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The day I have dreaded since the blustery winds of March is here. I squeeze my eyes tightly shut as if it would stop the coming hours. Open them – no good. The clock’s jump-rope-seconds go on. Tick, tick, tick. Whoever’s jumping rope is really good. Too good. Like how I felt on the Day. Suspiciously good.

Footsteps drum somewhere – in my brain or real life I can’t tell. Thump, thump, thump, thump. And then I hear a voice, colorful and chocolaty. Singing. And I know that my memory has tricked me. But I can still hear the song. The sweet, floating melody. The silence that follows it, and then only a distant phone with a white cord, ringing endlessly.Another familiar voice, this one sharp and unforgiving: “Out, out, out!” There is a knock on my fading bedroom door, “Nemy, up and out!” A few chips of dove white paint fall anti-climactically to the floor.

“Five more minutes?” I beg.

My father is silent. For a moment, I don’t understand. My groggy brain works slowly, puffing and creaking along. And then I remember. He doesn’t know I’ve spoken, because to him and the rest of the world, I haven’t. I reach for the door, stretching my giraffe neck arms to wrench the handle open and reveal my father in his blue striped pajamas, a Christmas gift from some distant relative. My grandma used to say we’re related to anyone you could name – taking great pride in the fact that we have some thin strand of relation to Harriet Tubman.  I open my hand to “plead the 5,” as Mom would say. My father’s greying hair droops over his now colorless eyes. He has aged since last I saw him. Usually he is at work, and when he is home, I am in my room. His face, freckled with pain, sags.

“No, Nemy.” The sharpness fades to a dull mutter. “Up.”

Even more deflated than usual after this exchange, or whatever you would call it, I slog over to my tiny closet. The light hums. I turn it off. Maneuvering around the heaps of dirty clothes, I manage to pull on my regular outfit since Mom’s death – black sweatpants, black sweatshirt, black socks, black sneakers. The single bit of color is the silver and blue owl pin on my sweater. It was my last gift to my mother, and the only thing the recovery team could find of her in the rubble.

Emerging from my lair for what feels like the first time in a long time – I will occasionally leave to get a meal, but rarely and quickly – I am angry to see that the sun is still shining, like it was on the Day. Everything in my little den of a world has been dark. That is the way it should be.

“Nemy, get something nicer on and smile a little. Come on.” My father approaches warily, pushing my 12-year-old brother into the hall. “Eden, take a shower! Your hair is all over the place!” The door to the master bedroom slams and Eden and I are left slouching in the corridor. We don’t speak – I can’t and would just get angry if he did. I already am.

I slink back into my room and lean forward against the shattered mirror behind the door. It has been my punching bag in the days of hopelessness. My eyes scan my thin chapped lips, my flattened nose, my stringy once-curly black hair, my hollow chestnut brown cheeks. I stare into my reflection’s dull green eyes. Press my nose into the broken glass until I can’t handle the pain anymore, until I pull away with small points of blood welling on the tip. There is a scratching at the door. I hesitantly open it, careful not to show my nose as I peer into the hall. There stands Otto, my mother’s German shepherd, looking up at me with his big brown eyes.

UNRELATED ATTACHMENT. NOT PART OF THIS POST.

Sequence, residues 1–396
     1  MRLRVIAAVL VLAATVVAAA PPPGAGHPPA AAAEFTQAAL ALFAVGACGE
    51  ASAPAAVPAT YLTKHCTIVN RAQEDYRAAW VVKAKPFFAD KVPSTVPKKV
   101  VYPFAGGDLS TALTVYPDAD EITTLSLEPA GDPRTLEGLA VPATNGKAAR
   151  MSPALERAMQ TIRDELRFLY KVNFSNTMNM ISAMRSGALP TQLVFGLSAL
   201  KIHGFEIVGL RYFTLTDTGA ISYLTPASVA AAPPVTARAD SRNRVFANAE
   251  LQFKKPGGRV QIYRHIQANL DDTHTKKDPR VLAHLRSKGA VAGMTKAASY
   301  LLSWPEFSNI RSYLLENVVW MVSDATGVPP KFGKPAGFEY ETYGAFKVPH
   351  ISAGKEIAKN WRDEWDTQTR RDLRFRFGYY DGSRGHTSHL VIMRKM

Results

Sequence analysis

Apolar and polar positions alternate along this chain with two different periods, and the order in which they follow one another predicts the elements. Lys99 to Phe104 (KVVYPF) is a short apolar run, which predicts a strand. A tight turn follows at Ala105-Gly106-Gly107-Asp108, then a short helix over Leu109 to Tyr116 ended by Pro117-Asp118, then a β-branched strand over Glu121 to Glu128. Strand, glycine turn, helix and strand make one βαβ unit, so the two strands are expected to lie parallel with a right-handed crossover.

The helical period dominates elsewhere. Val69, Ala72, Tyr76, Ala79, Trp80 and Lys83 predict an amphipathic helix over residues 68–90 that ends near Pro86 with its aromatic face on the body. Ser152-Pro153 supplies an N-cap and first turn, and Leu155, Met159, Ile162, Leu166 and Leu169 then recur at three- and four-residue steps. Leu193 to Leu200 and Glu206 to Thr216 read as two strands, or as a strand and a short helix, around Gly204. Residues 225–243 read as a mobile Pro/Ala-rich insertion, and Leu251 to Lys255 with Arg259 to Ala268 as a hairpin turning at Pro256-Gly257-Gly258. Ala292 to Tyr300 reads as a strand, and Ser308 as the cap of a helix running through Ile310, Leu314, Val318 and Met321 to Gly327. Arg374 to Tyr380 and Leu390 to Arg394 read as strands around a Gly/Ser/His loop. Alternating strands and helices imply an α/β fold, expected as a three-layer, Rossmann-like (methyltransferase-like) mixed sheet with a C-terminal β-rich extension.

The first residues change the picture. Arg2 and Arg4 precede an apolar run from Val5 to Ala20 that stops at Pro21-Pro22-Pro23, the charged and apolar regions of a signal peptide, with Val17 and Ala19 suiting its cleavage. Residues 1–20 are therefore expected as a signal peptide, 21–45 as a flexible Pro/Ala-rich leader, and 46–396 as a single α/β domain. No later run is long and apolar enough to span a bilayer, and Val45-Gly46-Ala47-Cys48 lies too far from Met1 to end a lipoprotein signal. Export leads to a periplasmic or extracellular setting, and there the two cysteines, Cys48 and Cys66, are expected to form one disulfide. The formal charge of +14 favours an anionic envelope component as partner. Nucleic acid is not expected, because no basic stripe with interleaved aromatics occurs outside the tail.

Hey, Ot. I think to him. I kneel down and slap my knees, signaling him to come. He obeys and trots toward me, wagging his big black tail. He sits next to me, sniffs my nose, and proceeds to lick my wounds until the blood has stop flowing. There are small drops of blood on his tongue now, but Otto either doesn’t notice, or doesn’t care, because he simply licks his chops and lays his head on my thigh. I lightly stroke his furry head and grab a tissue from the floor – there are plenty lying around – to wipe the slobber off my nose. I lean over, kiss Otto on the ear, and gently push him off me. Then I cross over to my closet to change once again, throwing the tissue in the trash on the way. As I pull on the same knee length black dress I wore to Mom’s actual funeral, I remember her. I remember her warm nutmeg skin, her bright hazel eyes, and her laughter, loud and contagious. But most of all I remember her singing. Her rich velvety voice, deep but light-hearted, floating throughout the house. When she got mad, that voice was a force to be reckoned with. But she rarely did get mad. We were happy. And everything could have stayed that way. But she did the unselfish thing, like she always would, and went off to war to end terrorism. She was coming home. She was going to the airplane that would bring her home when the car drove past a motion sensor, which activated the bomb. The truck was shattered, and so was she. Her owl pin that I wear now still has a piece of shrapnel stuck in its left eye. It was supposed to protect her. That was in March.

It is September now, and I still live. I live on and on, a boat without a foghorn on a stormy night.

A reminder is shouted up the stairs: “Naomi, five minutes!”

I shake out of my memories. The fact that my father is using my real name already isn’t good. I carefully remove my mother’s pin from my sweatshirt, fasten it onto my dress, and make my feet walk across my room, into the hall, and down the stairs. My father never notices my cuts and bruises, so I don’t try to conceal my nose very much.